Horticulture Week Podcast: a rose to remember 18th century Welsh black gardener, John Ystumllyn

Matthew Appleby, David White and Zehra Zaidi

We Too Built Britain's Zehra Zaidi and Harkness Roses' David White have launched the John Ystumllyn rose, named after the first well-recorded black Welsh gardener and believed to be the first rose named after an ethnic minority Briton.

Horticulture Week editor Matthew Appleby interviews the pair about the new rose and it's potential impact. Zaidi’s Horticulture Week article in July 2020 on John Ystumllyn created a groundswell of support for a new rose. Horticulture Week advised on finding a rose grower and in helping promote the project.

We Too Built Britain, founded by Zehra Zaidi, has campaigned to tell the stories of under-represented people in Britain with the aim of building social connections and to show what we have in common, to then also understand and value our uniqueness and differences. Previous campaigns include the new 50p ‘Diversity Built Britain’ Royal Mint coins and the ‘Hidden Heroes’ statues campaign. Advolly Richmond, social historian, is also a key campaign supporter.

Zaidi says: "The representation element matters. To our knowledge there has never been a rose named after an ethnic minority Briton."

Ystumllyn was an 18th centiry Welshman of uncertain origin, possibly a victim of the Atlantic slave trade who was taken by the Wynn family to its Ystumllyn estate in Criccieth, where he was christened, and given the Welsh name John Ystumllyn, who became a gardener.

"It came about because of a lack of diversity in gardening," Zaidi says. Concerned the history about minorities in gardening might not be remembered, Zaidi approached HortWeek and the story was shared. People called for a rose: "before we knew it we had a campaign".

Harkness Roses has set aside 5,000 roses for community gardens and will send out roses for free to community garden groups. All groups must do is: write in and tell Harkness Roses “why inclusion and community in gardening matters” and send images of their group planting the rose for the Community Wall on Harkness Roses’ website.

White says: "We think this is a really important story. It's important to give it the quality of rose that matches the interest of the story.

"As a business, we became quite isolated over the last 15 months." Garden centres were closed, there were only Zoom meetings, and lots of people don't have gardens, and struggled with mental health. "This rose took on a bigger significance; we wanted to engage in a community project to get people gardening."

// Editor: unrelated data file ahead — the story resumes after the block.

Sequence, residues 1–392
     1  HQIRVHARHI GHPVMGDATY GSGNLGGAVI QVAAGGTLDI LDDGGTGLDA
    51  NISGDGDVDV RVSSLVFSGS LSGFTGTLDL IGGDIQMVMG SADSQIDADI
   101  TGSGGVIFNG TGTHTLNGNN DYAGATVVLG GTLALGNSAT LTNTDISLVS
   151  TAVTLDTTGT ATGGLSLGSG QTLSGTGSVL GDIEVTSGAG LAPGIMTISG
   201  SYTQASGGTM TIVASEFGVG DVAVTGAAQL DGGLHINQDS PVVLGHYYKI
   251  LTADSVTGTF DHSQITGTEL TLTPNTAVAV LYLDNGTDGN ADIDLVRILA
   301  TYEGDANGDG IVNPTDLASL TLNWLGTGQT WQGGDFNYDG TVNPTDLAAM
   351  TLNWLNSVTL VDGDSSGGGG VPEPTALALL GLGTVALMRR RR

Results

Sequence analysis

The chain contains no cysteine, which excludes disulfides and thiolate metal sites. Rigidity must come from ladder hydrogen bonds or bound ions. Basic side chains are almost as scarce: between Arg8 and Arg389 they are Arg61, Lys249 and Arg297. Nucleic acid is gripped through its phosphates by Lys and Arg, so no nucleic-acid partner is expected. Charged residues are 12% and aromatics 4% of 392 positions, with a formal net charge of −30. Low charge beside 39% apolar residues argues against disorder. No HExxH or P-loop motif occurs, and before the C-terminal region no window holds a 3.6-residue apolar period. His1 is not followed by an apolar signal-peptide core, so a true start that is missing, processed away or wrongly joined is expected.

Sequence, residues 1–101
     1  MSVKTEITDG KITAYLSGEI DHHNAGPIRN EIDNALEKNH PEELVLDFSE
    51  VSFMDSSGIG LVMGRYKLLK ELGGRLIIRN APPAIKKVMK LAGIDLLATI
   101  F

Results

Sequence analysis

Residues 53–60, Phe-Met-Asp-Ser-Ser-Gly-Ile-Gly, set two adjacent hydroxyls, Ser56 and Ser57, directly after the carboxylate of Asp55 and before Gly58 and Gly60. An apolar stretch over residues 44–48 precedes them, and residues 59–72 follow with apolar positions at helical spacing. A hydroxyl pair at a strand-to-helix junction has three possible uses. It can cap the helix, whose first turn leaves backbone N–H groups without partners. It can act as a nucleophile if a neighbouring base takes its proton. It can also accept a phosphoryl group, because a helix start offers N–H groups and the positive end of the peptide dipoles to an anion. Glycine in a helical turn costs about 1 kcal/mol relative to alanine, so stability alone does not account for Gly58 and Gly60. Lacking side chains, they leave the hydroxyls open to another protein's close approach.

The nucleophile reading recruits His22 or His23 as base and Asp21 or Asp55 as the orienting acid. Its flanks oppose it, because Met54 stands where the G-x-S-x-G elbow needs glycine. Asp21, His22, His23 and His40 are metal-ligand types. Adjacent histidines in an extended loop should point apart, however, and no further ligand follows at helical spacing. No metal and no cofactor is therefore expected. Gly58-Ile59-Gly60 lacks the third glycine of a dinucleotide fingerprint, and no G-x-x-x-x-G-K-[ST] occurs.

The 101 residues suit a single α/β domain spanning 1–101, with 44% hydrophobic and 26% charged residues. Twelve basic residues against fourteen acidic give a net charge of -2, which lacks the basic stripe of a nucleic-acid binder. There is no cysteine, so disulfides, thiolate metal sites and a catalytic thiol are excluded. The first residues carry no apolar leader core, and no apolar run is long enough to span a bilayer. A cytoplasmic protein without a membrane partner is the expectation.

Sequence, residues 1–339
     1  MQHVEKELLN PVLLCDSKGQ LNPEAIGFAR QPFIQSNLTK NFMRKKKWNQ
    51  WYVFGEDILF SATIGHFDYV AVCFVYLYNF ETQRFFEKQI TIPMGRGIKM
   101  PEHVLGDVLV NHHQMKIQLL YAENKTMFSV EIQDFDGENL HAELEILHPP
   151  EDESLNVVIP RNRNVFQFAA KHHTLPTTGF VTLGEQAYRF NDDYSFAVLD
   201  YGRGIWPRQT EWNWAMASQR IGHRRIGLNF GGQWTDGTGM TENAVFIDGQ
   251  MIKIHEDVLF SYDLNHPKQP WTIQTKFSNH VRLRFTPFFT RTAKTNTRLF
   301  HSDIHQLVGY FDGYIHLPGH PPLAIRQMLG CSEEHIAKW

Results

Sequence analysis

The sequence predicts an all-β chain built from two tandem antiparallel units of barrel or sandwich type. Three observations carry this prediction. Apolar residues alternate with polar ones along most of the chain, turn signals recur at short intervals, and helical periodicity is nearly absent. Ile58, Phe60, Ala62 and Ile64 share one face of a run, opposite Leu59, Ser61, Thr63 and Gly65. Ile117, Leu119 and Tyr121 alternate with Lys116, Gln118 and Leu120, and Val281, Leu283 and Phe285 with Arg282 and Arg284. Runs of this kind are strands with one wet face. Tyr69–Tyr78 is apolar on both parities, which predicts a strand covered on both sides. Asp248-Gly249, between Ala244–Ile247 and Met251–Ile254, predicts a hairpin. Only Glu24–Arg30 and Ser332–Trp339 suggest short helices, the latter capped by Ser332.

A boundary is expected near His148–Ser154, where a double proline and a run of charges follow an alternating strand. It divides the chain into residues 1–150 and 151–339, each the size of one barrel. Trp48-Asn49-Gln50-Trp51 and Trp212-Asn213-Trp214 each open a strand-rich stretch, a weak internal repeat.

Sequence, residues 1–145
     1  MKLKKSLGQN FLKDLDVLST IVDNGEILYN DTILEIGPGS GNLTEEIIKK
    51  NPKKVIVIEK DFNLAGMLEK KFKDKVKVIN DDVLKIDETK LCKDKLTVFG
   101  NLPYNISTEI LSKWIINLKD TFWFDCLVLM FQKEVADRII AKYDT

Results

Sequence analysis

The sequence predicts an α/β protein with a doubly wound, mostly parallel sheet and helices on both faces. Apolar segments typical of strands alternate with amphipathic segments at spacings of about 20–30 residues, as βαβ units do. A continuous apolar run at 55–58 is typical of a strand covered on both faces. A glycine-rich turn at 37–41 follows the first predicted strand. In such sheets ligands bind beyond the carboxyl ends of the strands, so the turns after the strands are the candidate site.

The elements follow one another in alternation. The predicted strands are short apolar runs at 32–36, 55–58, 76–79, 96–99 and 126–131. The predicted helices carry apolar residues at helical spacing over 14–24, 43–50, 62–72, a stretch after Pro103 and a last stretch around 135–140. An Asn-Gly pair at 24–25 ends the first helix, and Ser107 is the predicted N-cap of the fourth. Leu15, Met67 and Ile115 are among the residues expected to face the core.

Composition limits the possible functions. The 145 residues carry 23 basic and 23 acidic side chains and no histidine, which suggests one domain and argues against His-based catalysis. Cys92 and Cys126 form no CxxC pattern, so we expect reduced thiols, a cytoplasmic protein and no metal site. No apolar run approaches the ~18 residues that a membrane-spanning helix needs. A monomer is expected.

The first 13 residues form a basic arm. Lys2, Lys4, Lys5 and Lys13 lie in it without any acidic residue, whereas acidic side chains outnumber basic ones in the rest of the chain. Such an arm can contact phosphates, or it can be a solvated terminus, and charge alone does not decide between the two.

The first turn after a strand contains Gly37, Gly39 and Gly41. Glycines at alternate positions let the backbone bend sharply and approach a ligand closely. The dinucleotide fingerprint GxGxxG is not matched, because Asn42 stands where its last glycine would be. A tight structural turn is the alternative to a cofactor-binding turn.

Zaidi says the public impact is the rose is "a symbol of friendship, love and community because that's what John's story represented.. and a homage to the gardening community. I hope this brings people together."

The rose was chosen from 40,000 seedlings and is a  compact floribunda shrub, developed from eight years breeding, with a citrus fragrance, flowering from late May until the first frosts. It is suitable for pots, beds and borders.

White says because the rose will be widely available because it has such a fascinating story. This autumn 2,900 roses will be available for dispatch in mid-November. In summer 2022, roses from cuttings will be at Harkness' exhibit at RHS Chelsea Flower Show, and from autumn 2022 there will be 12,000-15,000 available for garden centre sale from autumn 2022-spring 2023. Some 250 independent garden centres are already showing interest.

Liz Saville Roberts, the MP for the area where John Ystumllyn lived, added: "I knew the story locally, but what this does, we suddenly we wake up to how this story that we kept and cherished - that this story is really of national importance."

The Plaid Cymru MP raised the rose in the House of Commons on 21 October, asking if time could be set aside to debate black history stories, including that of John Ystumllyn.

Commons leader Jacob Rees-Mogg replied: "If the Ystumllyn rose could be the rose of friendship across political parties, I think that's something we could plant with pride."

Zaidi concludes: "Horticulture has been joyous, such a welcoming community. This campaign shows we take each other for granted, sometimes you just have to ask and build connections together."

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